14 October 2022

Mighty growth in Far South Coast seedbank helps prepare for future disasters

| Albert McKnight
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Volunteers attend a Far South Coast seedbank workshop. Photo: Supplied.

The horrendous bushfires that engulfed the Far South Coast over two years ago saw a huge growth in demand for seeds in the local region.

This increase in demand has resulted in an expansion of the Far South Coast Landcare Community Seedbank’s output and the group is now ready to support critical disaster recovery projects.

The ‘Ramping up the Seedbank’ project boosted the seedbank’s capacity through an intensified period of seed collection, processing and storage, ensuring it could meet the increased demand for local provenance seed and support biodiversity conservation in the region.

“We’ve run the seedbank for 22 years and it really is an invaluable community resource for helping landscapes recover with locally-adapted species, giving them the best chance of survival as they grow,” programs manager for the Far South Coast Landcare Association (FSCLA), which spearheaded the project, Jean Bentley said.

“Following the Black Summer bushfires we were inundated with requests for seed and we knew we needed to find a way to rise to the challenge.”

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Ms Bentley said thanks to the Landcare Led Bushfire Recovery Grants Program, the association was able to hire a new seedbank project officer and train members of four local Landcare groups in native plant identification, native seed collection and processing.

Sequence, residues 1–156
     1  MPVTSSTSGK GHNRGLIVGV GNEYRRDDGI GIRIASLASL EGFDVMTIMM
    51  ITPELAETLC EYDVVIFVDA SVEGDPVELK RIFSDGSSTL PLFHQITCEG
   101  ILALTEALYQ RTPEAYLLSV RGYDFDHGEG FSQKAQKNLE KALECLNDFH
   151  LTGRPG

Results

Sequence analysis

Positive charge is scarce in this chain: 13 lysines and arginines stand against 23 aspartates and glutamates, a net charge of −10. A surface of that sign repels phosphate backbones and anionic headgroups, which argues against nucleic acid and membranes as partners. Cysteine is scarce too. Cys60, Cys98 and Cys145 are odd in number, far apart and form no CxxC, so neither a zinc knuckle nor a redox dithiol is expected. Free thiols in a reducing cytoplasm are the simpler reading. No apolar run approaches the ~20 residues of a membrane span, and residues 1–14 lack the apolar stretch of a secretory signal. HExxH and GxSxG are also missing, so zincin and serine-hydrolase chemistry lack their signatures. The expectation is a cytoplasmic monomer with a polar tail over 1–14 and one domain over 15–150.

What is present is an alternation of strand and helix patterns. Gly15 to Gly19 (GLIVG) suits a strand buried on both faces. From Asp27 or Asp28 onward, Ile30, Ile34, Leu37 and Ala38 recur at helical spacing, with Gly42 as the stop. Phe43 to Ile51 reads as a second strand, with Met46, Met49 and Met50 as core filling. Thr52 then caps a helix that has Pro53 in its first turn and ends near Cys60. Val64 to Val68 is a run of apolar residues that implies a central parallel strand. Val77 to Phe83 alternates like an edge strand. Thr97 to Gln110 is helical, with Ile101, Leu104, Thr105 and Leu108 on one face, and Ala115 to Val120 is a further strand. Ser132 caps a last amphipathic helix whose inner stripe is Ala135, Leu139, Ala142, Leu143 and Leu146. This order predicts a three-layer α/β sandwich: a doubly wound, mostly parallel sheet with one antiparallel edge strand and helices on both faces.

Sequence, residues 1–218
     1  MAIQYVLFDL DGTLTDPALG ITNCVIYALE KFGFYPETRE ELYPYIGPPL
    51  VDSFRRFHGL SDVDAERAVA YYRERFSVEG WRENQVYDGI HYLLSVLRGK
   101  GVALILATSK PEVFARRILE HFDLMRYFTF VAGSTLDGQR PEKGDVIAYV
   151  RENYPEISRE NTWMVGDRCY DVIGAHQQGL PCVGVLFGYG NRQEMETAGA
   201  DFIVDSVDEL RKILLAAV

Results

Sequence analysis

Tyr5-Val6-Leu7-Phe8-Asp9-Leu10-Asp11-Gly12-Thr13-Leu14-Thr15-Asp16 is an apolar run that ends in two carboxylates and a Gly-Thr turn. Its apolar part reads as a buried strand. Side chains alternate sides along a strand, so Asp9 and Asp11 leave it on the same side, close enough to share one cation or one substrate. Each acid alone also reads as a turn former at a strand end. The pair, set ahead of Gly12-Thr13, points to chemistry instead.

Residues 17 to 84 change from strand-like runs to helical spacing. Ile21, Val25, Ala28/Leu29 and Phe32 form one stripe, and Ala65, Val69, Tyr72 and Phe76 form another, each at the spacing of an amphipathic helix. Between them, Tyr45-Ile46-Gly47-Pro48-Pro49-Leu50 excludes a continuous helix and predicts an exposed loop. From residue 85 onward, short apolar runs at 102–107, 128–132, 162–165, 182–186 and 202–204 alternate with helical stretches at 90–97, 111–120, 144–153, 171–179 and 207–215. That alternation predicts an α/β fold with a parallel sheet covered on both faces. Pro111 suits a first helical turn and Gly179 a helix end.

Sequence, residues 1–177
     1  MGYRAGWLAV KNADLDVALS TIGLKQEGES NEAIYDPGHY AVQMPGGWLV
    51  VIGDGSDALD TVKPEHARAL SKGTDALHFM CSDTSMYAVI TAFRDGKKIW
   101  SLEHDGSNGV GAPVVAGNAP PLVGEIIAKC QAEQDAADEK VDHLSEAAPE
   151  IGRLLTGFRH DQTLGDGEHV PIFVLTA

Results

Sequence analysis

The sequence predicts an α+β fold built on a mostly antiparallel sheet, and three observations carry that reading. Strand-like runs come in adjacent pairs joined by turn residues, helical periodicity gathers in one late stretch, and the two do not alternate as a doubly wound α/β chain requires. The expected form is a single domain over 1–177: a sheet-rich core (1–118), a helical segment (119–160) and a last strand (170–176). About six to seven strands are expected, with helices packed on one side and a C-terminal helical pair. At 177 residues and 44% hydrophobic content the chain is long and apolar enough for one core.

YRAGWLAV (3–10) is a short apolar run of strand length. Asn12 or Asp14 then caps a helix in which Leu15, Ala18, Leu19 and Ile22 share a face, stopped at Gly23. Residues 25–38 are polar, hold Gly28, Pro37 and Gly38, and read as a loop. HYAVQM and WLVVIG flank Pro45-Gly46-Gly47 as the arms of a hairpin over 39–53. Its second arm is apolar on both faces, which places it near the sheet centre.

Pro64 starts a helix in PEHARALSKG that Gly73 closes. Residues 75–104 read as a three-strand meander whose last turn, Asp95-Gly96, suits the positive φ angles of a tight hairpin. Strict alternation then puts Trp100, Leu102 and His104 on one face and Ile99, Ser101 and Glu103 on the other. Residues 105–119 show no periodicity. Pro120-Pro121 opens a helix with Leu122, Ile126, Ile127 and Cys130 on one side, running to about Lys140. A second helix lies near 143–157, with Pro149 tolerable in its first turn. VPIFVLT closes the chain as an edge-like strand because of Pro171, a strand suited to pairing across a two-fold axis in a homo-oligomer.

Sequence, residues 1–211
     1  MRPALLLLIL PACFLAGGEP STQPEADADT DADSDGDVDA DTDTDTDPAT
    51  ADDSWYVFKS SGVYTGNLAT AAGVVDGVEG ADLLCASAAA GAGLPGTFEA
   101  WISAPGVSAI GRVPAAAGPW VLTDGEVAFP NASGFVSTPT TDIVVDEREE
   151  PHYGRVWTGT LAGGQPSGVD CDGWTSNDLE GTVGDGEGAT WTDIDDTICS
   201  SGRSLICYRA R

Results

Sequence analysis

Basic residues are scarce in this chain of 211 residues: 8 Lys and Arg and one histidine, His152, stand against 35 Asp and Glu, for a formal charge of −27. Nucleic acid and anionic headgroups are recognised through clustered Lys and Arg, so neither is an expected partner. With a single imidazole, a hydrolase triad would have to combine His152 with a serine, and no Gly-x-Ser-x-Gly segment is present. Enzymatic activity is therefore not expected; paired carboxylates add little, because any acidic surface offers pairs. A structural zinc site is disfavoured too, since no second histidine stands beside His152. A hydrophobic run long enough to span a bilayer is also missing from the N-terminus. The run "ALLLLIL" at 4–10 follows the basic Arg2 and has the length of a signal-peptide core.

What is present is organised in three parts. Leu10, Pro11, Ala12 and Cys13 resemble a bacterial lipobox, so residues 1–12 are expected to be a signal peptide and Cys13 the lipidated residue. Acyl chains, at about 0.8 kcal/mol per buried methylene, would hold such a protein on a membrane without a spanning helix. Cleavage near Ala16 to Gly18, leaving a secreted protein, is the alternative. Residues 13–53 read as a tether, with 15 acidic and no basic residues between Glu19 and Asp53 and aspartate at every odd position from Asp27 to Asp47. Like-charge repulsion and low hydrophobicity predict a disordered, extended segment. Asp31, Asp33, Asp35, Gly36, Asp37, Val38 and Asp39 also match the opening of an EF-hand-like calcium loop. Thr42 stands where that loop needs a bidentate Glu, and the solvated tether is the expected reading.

“Not only have they been able to take these newly-learned skills back to their groups, they are now able to look out for and collect native seed that can be grown and used in their own projects,” she said.

But the project, which collected 107 species of native seed, hadn’t always been smooth sailing. Periods of intense rainfall resulted in unexpected hurdles that FSCLA and their partners worked together to overcome.

“Our biggest challenges in seed collection this last year have been the environmental conditions. We went from many years of severe drought into an overabundance of rain and the trees didn’t respond well to that,” FSCLA seedbank co-ordinator Merryn Carey said.

“Feeder roots shrivel up and die due to years of drought and bushfires, and then they get hammered with too much rain and start ‘drowning’.

“We thought the trees were recovering well but then we noticed they were dropping their leaves and dropping their seed crops over all those wet months.

“This project has been an absolute rollercoaster ride.”

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Despite the challenges, a record amount of seed was collected over the early summer period and the project engaged the local community in understanding local native plants, propagation and seed collection.

FSCLA was given more than $18,300 from the Landcare Led Bushfire Recovery Grants program to increase the capacity of the Far South Coast Landcare Community Seedbank with the support of other organisations.

The Australian Government’s $14 million Landcare Led Bushfire Recovery Grants supported recovery projects in seven regions impacted by the Black Summer bushfires.

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